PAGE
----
Assuntos
Assistência à Saúde Culturalmente Competente/normas , Serviço Hospitalar de Emergência/normas , Islamismo/psicologia , Assistência à Saúde Culturalmente Competente/etnologia , Assistência à Saúde Culturalmente Competente/métodos , Serviço Hospitalar de Emergência/organização & administração , Humanos , Aceitação pelo Paciente de Cuidados de Saúde/etnologia , Aceitação pelo Paciente de Cuidados de Saúde/psicologia , Satisfação do Paciente/etnologia , Queensland/etnologia , Religião e Medicina
12.
Transcult Psychiatry ; 54(5-6): 626-652, 2017 Oct-Dec.
Artigo em Inglês | MEDLINE | ID: mdl-29226793

RESUMO

Westernized approaches to mental health care often place limited emphasis on refugees' own experiences and cultural explanations of symptoms and distress. In order to effectively assess community mental health needs and develop interventions grounded in local needs, mental health programs need to be informed by an understanding of cultural features of mental health, including cultural idioms of distress (CIDs). The current study aims to explore CIDs among Somali refugees displaced in Kenya to understand mental health needs in cultural context and serve the community in a culturally responsive and sensitive manner. This research was conducted as a two-phase qualitative study. First, key informant interviews with Somali mental health stakeholders generated a list of 7 common Somali CIDs: buufis, buqsanaan, welwel, murug, qaracan, jinn, and waali. Typologies of each CID were further explored through four focus group interviews with Somali community members. The findings from a template analysis revealed Somali lay beliefs on how trauma and daily stressors are experienced and discussed in the form of CIDs and how each term is utilized and understood in attributing symptoms to associated causes. This study highlights the need to incorporate colloquial terms in mental health assessment and to adopt a culturally relevant framework to encourage wider utilization of services and religious/spiritual support systems.


Assuntos
Características Culturais , Assistência à Saúde Culturalmente Competente/etnologia , Trauma Psicológico/etnologia , Refugiados/psicologia , Estresse Psicológico/etnologia , Adulto , Feminino , Humanos , Quênia/etnologia , Masculino , Somália/etnologia , Terminologia como Assunto
13.
Medisan ; 21(10)oct.2017. ilus, tab
Artigo em Espanhol | LILACS | ID: biblio-996172

RESUMO

Se presenta un proyecto de investigación que pretende promover la colaboración intercultural entre la atención sanitaria (estudiantes, enfermeros y médicos) y los curanderos y parteras tradicionales en los centros de salud rurales, a fin de examinar las necesidades y las circunstancias propias del contexto para elaborar medidas concretas que permitan integrar este contenido al currículo de las carreras de medicina y enfermería de la Universidad Técnica Particular de Loja, de la Universidad de Cuenca y de otros centros de ese tipo en Ecuador. El proyecto tiene como finalidad vincular a los proveedores de atención sanitaria ya activos en las áreas rurales, tanto académicos como tradicionales, para intercambiar entre ellos.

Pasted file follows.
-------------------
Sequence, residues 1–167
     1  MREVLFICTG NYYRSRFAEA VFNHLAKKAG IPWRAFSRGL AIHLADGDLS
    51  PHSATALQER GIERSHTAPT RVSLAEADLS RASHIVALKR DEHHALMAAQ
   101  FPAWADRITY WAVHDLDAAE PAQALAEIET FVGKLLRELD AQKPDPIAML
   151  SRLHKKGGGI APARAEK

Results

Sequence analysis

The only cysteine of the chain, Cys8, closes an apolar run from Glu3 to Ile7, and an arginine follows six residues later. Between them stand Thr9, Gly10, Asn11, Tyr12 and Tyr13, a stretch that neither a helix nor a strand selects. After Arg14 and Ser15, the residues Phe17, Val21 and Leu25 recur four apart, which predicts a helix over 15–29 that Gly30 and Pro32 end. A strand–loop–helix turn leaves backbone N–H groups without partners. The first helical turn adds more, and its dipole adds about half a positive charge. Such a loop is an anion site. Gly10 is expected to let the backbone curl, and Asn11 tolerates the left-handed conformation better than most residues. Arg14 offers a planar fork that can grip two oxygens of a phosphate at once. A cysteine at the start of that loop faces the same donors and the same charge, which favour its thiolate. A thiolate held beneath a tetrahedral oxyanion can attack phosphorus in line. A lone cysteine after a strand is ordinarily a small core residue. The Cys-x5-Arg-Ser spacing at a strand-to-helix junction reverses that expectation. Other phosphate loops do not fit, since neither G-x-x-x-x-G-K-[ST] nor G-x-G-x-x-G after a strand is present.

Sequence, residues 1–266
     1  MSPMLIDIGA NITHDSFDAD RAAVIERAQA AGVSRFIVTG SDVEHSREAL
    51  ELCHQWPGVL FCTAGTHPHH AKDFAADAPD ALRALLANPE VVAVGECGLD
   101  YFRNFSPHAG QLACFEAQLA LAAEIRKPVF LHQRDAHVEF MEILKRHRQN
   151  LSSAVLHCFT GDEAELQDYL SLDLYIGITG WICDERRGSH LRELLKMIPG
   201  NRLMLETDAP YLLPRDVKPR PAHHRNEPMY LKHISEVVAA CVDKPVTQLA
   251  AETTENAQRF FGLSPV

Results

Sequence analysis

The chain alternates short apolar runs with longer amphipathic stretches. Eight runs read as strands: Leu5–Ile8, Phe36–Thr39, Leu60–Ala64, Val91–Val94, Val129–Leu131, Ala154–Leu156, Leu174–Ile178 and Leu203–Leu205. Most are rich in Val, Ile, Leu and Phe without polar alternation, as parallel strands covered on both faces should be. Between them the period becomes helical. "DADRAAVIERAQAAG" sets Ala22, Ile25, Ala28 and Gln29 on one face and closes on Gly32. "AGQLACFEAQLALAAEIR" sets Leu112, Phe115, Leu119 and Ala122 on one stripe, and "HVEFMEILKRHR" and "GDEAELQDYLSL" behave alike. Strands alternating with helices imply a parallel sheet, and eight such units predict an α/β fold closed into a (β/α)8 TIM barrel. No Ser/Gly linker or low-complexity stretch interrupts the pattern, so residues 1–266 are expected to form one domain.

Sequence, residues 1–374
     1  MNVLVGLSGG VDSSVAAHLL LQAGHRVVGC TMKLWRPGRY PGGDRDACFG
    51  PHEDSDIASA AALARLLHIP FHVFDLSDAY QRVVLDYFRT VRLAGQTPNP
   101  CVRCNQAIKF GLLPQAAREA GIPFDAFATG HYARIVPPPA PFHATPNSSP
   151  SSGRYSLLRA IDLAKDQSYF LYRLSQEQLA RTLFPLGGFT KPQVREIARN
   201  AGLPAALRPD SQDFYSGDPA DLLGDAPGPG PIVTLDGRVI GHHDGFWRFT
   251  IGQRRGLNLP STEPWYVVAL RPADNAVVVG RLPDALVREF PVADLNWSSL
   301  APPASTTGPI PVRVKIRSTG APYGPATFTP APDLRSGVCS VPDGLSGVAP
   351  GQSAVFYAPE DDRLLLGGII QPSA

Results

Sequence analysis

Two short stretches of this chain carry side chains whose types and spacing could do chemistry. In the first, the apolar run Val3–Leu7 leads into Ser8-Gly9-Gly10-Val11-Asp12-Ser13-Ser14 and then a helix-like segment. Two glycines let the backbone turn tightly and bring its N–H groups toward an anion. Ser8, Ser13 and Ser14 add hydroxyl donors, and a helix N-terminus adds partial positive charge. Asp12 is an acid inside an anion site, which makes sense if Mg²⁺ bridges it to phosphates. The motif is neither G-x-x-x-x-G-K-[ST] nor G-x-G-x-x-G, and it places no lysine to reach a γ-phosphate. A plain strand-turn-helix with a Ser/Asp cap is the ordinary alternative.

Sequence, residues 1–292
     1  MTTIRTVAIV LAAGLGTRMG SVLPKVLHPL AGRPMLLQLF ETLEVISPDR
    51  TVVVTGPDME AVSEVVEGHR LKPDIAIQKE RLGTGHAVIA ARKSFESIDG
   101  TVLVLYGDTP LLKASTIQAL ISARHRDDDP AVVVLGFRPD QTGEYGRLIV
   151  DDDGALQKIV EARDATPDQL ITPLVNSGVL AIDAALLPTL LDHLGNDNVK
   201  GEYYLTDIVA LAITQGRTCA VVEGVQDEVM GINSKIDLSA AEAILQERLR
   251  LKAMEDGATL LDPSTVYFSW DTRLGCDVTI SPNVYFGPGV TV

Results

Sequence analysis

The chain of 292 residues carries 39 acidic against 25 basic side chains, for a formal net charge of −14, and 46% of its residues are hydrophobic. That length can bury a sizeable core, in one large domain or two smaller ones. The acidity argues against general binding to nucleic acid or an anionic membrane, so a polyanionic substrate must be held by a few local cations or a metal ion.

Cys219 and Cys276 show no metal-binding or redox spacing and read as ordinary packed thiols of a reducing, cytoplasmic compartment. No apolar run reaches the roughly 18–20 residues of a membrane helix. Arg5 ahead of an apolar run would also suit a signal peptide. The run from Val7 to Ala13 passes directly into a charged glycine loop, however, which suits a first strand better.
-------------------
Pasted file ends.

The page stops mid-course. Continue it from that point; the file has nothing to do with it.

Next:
An investigation project is presented aimed at promoting the intercultural collaboration between the health care staff (students, nurses and doctors) and the folk healers and traditional midwives in the rural health centers from Ecuador, in order to examine the necessities and the circumstances of the context to elaborate concrete measures that allow to integrate this content to the curriculum of the medicine and nursing careers of the Technical Particular University in Loja, from Cuenca University and from other centers of that type in the country. The project has as purpose to link the suppliers of health care who are already active in the rural areas, either as academic or as traditional, to exchange experiences among them.


Assuntos
Humanos , Masculino , Feminino , Religião e Medicina , Diversidade Cultural , Assistência à Saúde Culturalmente Competente/etnologia , Medicina Tradicional/métodos , Universidades , Comunicação , Comportamento Cooperativo , Características Culturais , Grupo com Ancestrais Nativos do Continente Americano
14.
Diabetes Educ ; 43(5): 441-448, 2017 10.
Artigo em Inglês | MEDLINE | ID: mdl-28793835

RESUMO

Purpose The African American church has long been recognized as a valuable partner for health interventions in the community. While an extensive literature exists documenting the potential efficacy of diabetes education programs in church settings, there has yet to be an effort to leverage spiritual beliefs and practices to promote diabetes self-management and shared decision making within a faith-based framework that is culturally tailored to the African American church. The purpose of this article is to describe the translation of a clinic-based diabetes education program into faith-based education curriculum tailored for use in the African American church. Conclusions Themes extracted from focus groups and input from a faith-based community partner provided a methodical and patient-informed foundation for culturally tailoring and piloting a diabetes self-management curriculum for the African American church setting. This study illustrates how spirituality can be incorporated into interventions to enhance health promotion and behavioral change among African Americans with diabetes. Participants in our study described how religious beliefs play an active role in many aspects of diabetes care, including self-management behaviors, coping strategies, and patient/provider communication. In addition, this intervention can serve as a model for the development of patient-centered health interventions.


Assuntos
Afro-Americanos/educação , Assistência à Saúde Culturalmente Competente/etnologia , Diabetes Mellitus , Educação de Pacientes como Assunto/métodos , Participação do Paciente , Protestantismo , Adulto , Idoso , Currículo , Feminino , Grupos Focais , Humanos , Masculino , Pessoa de Meia-Idade , Projetos Piloto , Pesquisa Qualitativa , Autogestão/educação
15.
Prim Care Diabetes ; 11(6): 522-528, 2017 12.
Artigo em Inglês | MEDLINE | ID: mdl-28779981

RESUMO